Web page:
I love this video! It’s actually a couple of years old, but it very cleverly shows how disconnected male advertisers are when it comes to understanding the female consumer and where to connect with her. As a matter of fact, I think it rings more true today than ever before. Although it’s humorous format is entertaining, the message is very serious: The female consumer is breaking up with brands, and she is trying to tell advertisers why. Listen to her. We don’t talk anymore. You’re doing all the talking. We’re not exactly having dialog You’re saying you love me, but

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Are Aunts the New Mom?

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Although not mentioned in this iVillage article, which is a preview of next weeks’ coverage on NBC’s report about women’s buying power, I still remain hopeful that they plan to address one of the most overused stereotypes about women. Many male marketers assume that all women are moms. However, while all moms are women, not all women are moms. And there is no one more in tune to that than Melanie Notkin, CEO and founder of the very successful online community, Savvyauntie.com. I met my friend Melanie on Twitter nearly a year ago and since then she’s been featured in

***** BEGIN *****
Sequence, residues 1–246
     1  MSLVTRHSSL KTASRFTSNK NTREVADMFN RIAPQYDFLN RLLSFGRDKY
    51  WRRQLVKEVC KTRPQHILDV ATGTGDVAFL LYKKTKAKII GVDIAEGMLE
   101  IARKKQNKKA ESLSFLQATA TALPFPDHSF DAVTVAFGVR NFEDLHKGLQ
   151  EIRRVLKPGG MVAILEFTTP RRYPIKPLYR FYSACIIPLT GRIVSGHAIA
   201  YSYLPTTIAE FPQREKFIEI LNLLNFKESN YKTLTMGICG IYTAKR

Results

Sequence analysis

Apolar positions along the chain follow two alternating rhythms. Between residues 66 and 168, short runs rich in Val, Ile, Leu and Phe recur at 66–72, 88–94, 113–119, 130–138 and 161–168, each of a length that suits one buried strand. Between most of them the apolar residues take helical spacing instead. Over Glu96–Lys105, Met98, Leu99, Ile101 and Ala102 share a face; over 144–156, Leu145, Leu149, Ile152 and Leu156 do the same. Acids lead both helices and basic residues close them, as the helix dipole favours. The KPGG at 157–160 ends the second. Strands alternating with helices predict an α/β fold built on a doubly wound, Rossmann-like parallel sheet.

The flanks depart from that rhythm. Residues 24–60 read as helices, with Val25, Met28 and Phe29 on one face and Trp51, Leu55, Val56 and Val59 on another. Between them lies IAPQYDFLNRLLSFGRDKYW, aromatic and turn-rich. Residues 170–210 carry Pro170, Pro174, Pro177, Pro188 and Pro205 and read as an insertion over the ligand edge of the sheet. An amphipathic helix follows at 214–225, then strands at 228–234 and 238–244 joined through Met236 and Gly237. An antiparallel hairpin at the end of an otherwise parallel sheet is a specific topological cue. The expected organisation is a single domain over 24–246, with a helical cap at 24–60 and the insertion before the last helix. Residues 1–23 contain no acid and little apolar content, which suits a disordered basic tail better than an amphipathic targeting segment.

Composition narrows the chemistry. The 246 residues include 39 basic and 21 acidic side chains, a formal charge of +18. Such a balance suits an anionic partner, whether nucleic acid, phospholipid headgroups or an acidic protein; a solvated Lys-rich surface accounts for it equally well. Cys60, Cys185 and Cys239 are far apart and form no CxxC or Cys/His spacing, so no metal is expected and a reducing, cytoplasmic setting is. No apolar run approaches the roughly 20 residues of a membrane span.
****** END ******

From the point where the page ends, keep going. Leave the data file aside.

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NBC to Reveal “Eye-Opening Information” About Women’s Buying Power

TV NBC Shriver

According to the New York Times, NBC News will devote a significant amount of time and attention, beginning the week of October 18, to the changing roles of contemporary women. Much of it is based on a study initiated by Maria Shriver titled, “The Shriver Report: A Woman’s Nation Changes Everything.” The week long coverage will include evening newscasts, several appearances on the “Today” show, Meet the Press, MSNBC, CNBC, and iVillage among others. The Center for American Progress explains that the report will combine the work of economists and academics to address the consequences of women’s more prominent economic